It can take anywhere from six weeks to six months to build a 2,800-square-foot, two-story house in the U.S., mostly because human beings do all the work. Within the next five years, chances are that 3D printing (also known by the less catchy but more inclusive term additive manufacturing) will have become so advanced that we will be able to upload design specifications to a massive robot, press print, and watch as it spits out a concrete house in less than a day. Plenty of humans will be there, but just to ogle.
Minimizing the time and cost that goes into creating shelters will enable aid workers to address the needs of people in desperate situations. This, at least, is what Behrokh Khoshnevis, a professor of engineering and director of the Center for Rapid Automated Fabrication Technologies, or CRAFT, at the University of Southern California, hopes will come of his inventions.
“Initially it will be most beneficial to developing countries to eradicate their slums. Next is emergency shelter construction where war and natural disaster uproots thousands of people,” says Khoshnevis. “[It] can build much cheaper and much faster and can produce dignified housing rather than tents and boxes.”
Khoshnevis says his system could be ready two years from now, but it may end up on the moon before we see it in Haiti or Somalia. In late November, NASA awarded a grant as part of the NASA Innovative Advanced Concepts (NIAC) to Khoshnevis and his collaborators as a possible way to build lunar structures. The team’s next step is to test the process at the Desert Research and Technology Studies (D-RATS) facility in Arizona.
Khoshnevis calls his technique “Contour Crafting” and it operates on roughly the same principle as consumer 3D printers like MakerBot’s Thing-O-Matic. His robot pours out a trail of viscous concrete while tracing along the footprint of a wall. As the nozzle sweeps back and forth, the layers rapidly build, with the lower ones hardening enough to support the increasing weight. Its speed puts construction workers to shame.
“We are talking about a technology that can build a square foot of wall in less than 20 seconds,” Khoshnevis says. At that rate, Contour Crafting can put together a whole room in just an hour.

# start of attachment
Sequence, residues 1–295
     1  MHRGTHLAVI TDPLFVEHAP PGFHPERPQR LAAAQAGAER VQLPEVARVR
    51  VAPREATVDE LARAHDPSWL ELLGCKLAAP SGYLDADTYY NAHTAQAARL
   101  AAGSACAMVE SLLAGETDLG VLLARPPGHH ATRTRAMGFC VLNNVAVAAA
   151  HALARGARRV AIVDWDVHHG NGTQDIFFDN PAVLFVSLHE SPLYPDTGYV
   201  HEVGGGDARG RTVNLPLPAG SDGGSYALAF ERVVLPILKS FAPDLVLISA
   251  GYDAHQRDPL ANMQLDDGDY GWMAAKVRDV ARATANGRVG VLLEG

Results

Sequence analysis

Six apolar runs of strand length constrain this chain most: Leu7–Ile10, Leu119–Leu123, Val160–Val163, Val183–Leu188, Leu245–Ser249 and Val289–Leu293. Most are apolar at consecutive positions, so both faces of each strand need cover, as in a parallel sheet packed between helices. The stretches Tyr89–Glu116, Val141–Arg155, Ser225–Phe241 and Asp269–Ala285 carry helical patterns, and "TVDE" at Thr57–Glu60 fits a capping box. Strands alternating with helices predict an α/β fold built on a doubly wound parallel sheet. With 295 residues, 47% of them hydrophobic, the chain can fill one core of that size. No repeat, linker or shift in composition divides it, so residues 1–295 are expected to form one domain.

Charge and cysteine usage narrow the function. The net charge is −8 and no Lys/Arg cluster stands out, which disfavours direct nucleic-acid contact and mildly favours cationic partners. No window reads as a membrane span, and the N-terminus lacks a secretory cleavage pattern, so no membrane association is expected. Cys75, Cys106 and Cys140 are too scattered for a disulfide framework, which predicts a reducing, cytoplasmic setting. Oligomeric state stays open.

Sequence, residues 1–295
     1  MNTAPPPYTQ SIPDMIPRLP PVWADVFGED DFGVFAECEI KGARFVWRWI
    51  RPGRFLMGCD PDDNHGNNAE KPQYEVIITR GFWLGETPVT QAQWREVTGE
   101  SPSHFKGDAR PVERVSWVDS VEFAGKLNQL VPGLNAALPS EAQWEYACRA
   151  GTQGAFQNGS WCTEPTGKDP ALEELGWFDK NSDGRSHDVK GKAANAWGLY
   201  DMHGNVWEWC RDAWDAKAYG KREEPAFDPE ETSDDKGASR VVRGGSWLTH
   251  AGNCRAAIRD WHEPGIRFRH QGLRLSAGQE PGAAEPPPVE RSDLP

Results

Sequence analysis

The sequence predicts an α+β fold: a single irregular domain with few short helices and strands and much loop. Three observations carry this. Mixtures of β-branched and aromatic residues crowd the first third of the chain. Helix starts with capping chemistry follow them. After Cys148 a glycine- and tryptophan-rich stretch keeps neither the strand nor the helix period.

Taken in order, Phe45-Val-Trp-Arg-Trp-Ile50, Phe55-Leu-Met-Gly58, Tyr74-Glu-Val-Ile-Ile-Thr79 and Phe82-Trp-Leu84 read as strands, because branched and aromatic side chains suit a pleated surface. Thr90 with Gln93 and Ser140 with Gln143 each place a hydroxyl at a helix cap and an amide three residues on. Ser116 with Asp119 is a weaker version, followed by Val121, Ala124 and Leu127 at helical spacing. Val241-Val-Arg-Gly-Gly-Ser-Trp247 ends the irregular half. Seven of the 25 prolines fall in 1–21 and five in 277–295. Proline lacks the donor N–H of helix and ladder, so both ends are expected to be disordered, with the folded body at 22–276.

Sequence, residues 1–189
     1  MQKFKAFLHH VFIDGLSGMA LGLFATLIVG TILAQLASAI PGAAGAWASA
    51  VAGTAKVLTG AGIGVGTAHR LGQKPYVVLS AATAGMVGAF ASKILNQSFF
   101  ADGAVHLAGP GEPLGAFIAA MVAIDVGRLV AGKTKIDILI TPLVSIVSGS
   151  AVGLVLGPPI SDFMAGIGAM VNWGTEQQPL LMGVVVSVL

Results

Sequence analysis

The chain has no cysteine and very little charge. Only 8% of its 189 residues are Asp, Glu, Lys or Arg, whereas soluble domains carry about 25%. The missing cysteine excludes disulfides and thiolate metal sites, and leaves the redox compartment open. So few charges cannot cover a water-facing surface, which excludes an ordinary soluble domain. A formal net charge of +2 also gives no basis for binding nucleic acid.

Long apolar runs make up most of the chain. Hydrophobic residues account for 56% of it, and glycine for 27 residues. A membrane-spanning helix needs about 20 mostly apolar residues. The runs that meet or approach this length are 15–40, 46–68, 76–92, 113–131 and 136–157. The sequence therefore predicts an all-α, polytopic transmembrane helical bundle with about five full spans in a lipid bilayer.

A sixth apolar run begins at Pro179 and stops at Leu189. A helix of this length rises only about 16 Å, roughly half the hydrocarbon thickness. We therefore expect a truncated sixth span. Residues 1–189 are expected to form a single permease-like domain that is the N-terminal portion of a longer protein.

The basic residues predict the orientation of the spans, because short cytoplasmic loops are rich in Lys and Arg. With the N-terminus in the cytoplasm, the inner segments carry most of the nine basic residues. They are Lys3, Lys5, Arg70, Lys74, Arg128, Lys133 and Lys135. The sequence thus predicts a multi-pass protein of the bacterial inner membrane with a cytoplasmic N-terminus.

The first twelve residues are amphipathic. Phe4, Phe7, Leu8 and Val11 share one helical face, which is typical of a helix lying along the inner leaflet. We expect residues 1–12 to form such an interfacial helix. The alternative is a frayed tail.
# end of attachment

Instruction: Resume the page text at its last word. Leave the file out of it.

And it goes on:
It took a while to figure out how to make a printer that could build large objects at that speed. Most 3D printers — those that make shapes using plastics — build in tiny layers, often only .01 mm thick. The number of layers determines the resolution of the object. Just like the pixels in a digital camera, and the more you have, the more accurate the product will be. But when Khoshnevis tried building from such thin layers, the process took too long to be useful.
Eventually, he found that he could build with much bigger layers, over an inch thick, if he used a tool to smooth out the concrete as it flowed from the nozzle. Ultimately, he attached two swiveling trowels that let him remold the concrete into any angle.
Other robotic fixtures could be added to the printer, giving it the capability to install plumbing and electrical wiring. A gripper would place support beams and lay out a layer of metal over the top of the walls to create a base for the ceiling and roof.
Printing a cube or an octopus
Size is now the only thing holding back the technology. “We have a machine that can build a structure about 23 feet long, about 7 feet high and about 15 feet wide at this point,” says Khoshnevis.
He estimates that a full-scale printer would break down into three pieces and be small enough to fit onto a flatbed truck. All construction would happen on site. First, a designer would bring a digital blueprint for the house on a thumb drive and plug it into the printer while workers loaded it with concrete. Once the printer was activated, humans would play a supporting role, laying out supplies for the robotic gripper arm and preparing fresh batches of concrete. Humans would also install the windows and doors, since the task is so easy it’s not worth automating, Khoshnevis previously said.
Not only will it be faster, 3D printing could enable architects to design in completely new ways.
“There are definitely interesting implications,” says Sean Bailey, an architect and artist in New York City. “Whereas traditional fabrication techniques require additional resources as complexity increases, 3D printers are not bound to this logic.” With a 3D printer, it takes the same amount of time and money to turn a glob of concrete into a cube as it does to turn it into an octopus, says Bailey.
As masonry has become more of a specialized, and therefore expensive, skill, curvy architecture has become more difficult to produce. 3D printing could bring back some of these shapes.
“There are numerous shapes that you can make with Contour Crafting that cannot be made by conventional construction, such as doubly curved surfaces which would be extremely cost prohibitive to build by current methods,” says Khoshnevis.